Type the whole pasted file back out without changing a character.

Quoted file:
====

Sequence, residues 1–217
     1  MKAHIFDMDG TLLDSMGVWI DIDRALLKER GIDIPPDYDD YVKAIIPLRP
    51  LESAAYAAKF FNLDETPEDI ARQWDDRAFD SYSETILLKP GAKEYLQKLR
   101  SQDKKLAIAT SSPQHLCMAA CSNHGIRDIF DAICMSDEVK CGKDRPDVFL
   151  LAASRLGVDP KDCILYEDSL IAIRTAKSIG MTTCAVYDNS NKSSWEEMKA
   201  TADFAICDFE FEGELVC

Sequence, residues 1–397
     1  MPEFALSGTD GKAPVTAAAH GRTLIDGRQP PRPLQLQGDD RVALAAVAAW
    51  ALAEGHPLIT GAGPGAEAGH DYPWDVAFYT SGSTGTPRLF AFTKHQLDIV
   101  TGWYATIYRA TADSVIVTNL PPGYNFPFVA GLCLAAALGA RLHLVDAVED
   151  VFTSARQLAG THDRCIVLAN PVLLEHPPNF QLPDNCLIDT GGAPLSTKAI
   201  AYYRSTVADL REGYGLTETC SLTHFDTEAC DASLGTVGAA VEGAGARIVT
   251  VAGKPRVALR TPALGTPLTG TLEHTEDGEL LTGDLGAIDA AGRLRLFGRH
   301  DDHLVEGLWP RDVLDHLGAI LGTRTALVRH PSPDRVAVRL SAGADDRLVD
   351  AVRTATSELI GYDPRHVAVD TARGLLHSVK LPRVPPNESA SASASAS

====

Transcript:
Sequence, residues 1–217
     1  MKAHIFDMDG TLLDSMGVWI DIDRALLKER GIDIPPDYDD YVKAIIPLRP
    51  LESAAYAAKF FNLDETPEDI ARQWDDRAFD SYSETILLKP GAKEYLQKLR
   101  SQDKKLAIAT SSPQHLCMAA CSNHGIRDIF DAICMSDEVK CGKDRPDVFL
   151  LAASRLGVDP KDCILYEDSL IAIRTAKSIG MTTCAVYDNS NKSSWEEMKA
   201  TADFAICDFE FEGELVC

Sequence, residues 1–397
     1  MPEFALSGTD GKAPVTAAAH GRTLIDGRQP PRPLQLQGDD RVALAAVAAW
    51  ALAEGHPLIT GAGPGAEAGH DYPWDVAFYT SGSTGTPRLF AFTKHQLDIV
   101  TGWYATIYRA TADSVIVTNL PPGYNFPFVA GLCLAAALGA RLHLVDAVED
   151  VFTSARQLAG THDRCIVLAN PVLLEHPPNF QLPDNCLIDT GGAPLSTKAI
   201  AYYRSTVADL REGYGLTETC SLTHFDTEAC DASLGTVGAA VEGAGARIVT
   251  VAGKPRVALR TPALGTPLTG TLEHTEDGEL LTGDLGAIDA AGRLRLFGRH
   301  DDHLVEGLWP RDVLDHLGAI LGTRTALVRH PSPDRVAVRL SAGADDRLVD
   351  AVRTATSELI GYDPRHVAVD TARGLLHSVK LPRVPPNESA SASASAS